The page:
John owns the largest chain of five and ten cent stores in the country. He moves his family to New York from Kansas City and their life, though grand, is falling apart due to his constant working. Wife and mother Jenny is lonely. Son Avery hates his job. Daughter Jennifer is snubbed by classmate Muriel and her friends. At a charity bazaar, Jennifer meets Berry and sparks are evident. However, he is engaged to Muriel and Muriel will make sure that she, and only she, marries Berry. After the marriage, Berry still thinks of Jennifer as Jennifer thinks of Berry. Avery laments about the state of his family since they were happy in Kansas City. —IMDb
Robert Z. “Pop” Leonard was a highly successful contract director at MGM, to such extent that critical appreciation of his work is practically nonexistent or of a negative kind. Nevertheless, the transparency of Leonard’s work conceals a skilled and talented artisan of the highest order, and several of his films rate as classics and remain popular favorites decades after they were made. Born in Chicago, Leonard began as a stage actor, making his film debut in 1908 at the Selig Polyscope studios in Chicago; his directing career began in 1913 at Rex, a former independent then operating as a unit within Universal. Leonard’s early films were comedies, often starring Leonard himself as a “boob” or an ethnic Swedish caricature. From the time vaudeville star Mae Murray arrived in Hollywood in 1916, Leonard gradually became her principal director, he abandoned his own career as a movie actor by 1918, but did make unbilled cameo appearances in later films.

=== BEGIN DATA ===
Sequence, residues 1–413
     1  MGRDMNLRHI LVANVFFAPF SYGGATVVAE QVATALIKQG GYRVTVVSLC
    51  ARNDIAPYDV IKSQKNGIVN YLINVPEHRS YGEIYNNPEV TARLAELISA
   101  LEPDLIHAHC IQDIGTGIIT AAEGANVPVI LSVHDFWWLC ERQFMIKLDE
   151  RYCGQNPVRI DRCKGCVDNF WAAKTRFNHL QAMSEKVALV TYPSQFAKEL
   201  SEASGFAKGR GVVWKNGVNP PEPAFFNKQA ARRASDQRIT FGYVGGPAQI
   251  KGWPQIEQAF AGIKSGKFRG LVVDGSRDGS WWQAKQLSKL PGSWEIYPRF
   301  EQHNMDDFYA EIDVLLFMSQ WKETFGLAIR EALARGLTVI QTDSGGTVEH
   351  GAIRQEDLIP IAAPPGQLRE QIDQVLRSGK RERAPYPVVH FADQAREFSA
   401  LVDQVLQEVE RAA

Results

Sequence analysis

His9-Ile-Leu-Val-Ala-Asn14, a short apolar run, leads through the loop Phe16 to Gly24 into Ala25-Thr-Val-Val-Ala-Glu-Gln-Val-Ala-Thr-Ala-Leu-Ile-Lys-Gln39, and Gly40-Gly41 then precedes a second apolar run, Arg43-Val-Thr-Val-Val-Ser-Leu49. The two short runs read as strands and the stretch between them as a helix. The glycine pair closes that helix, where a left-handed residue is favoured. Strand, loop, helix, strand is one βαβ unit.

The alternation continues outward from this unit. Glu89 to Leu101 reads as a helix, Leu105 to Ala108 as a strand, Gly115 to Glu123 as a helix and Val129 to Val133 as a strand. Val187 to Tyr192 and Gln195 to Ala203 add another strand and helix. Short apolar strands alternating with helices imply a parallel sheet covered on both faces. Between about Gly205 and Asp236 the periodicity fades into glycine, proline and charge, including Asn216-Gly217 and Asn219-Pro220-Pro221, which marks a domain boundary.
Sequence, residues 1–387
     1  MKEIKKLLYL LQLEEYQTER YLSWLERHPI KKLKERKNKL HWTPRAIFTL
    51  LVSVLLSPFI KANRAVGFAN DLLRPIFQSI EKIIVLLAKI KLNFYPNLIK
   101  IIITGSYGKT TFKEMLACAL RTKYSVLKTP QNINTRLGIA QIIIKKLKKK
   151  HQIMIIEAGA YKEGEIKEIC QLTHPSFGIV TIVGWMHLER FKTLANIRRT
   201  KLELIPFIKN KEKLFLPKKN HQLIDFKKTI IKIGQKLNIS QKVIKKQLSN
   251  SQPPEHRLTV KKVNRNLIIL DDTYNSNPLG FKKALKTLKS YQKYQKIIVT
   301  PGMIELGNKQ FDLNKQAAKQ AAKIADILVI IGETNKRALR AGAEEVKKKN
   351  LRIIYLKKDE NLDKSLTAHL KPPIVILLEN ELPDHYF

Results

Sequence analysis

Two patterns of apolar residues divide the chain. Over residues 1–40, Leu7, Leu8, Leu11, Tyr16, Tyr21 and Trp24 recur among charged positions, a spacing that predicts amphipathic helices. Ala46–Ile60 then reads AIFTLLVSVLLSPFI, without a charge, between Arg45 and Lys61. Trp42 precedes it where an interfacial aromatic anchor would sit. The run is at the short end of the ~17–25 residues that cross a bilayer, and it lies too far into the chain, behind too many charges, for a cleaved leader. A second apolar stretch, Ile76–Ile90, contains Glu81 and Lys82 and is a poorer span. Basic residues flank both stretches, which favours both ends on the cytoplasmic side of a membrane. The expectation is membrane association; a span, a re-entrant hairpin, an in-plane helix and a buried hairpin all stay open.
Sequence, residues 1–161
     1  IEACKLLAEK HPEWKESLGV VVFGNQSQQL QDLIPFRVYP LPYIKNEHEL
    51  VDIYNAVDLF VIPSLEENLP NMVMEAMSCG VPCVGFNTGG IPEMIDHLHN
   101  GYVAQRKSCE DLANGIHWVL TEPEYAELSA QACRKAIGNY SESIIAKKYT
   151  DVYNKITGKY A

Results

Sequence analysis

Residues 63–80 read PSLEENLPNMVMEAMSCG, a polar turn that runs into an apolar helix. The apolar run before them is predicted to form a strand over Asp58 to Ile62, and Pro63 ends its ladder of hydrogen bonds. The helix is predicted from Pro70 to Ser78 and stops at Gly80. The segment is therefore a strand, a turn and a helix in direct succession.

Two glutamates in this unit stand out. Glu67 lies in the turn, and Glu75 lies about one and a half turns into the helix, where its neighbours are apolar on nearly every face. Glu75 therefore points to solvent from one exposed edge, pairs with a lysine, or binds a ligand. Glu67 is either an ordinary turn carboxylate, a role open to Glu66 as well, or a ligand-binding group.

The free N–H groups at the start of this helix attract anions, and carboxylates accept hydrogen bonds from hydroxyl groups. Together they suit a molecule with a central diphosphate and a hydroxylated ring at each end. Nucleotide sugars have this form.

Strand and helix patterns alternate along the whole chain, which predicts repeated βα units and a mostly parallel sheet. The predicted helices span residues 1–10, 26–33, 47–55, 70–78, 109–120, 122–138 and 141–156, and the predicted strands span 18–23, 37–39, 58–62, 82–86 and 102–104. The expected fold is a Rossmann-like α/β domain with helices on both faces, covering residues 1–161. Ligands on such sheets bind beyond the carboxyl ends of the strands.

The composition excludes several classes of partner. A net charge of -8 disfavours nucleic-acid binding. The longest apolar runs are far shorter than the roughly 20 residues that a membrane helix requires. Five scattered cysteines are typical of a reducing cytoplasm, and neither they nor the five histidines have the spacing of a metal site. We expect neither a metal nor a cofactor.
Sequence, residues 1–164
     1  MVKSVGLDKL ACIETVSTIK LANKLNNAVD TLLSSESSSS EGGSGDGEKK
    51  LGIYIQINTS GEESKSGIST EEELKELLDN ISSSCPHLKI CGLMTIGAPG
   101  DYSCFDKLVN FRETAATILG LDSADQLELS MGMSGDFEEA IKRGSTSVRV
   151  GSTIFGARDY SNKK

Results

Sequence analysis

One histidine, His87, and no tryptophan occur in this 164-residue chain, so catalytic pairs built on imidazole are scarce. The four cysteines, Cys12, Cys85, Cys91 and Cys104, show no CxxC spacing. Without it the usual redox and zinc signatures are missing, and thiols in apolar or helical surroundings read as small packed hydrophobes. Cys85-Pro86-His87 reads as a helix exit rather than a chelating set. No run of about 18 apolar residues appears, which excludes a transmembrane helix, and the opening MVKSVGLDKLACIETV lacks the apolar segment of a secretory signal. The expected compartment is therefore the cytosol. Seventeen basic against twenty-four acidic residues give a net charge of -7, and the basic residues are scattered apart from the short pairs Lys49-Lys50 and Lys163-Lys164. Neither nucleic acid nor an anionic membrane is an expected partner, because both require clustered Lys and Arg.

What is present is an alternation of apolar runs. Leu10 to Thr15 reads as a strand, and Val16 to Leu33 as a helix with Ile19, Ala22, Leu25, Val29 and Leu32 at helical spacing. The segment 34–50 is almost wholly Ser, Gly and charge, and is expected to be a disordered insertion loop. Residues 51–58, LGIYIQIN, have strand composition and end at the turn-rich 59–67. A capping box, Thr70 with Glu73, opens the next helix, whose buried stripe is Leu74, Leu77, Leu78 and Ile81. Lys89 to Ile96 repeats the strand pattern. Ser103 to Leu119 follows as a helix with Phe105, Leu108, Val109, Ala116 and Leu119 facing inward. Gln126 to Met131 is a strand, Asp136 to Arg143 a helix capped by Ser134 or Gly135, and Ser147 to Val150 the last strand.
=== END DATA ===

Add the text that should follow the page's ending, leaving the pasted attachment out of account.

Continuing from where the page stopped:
Murray’s headstrong behavior and… read more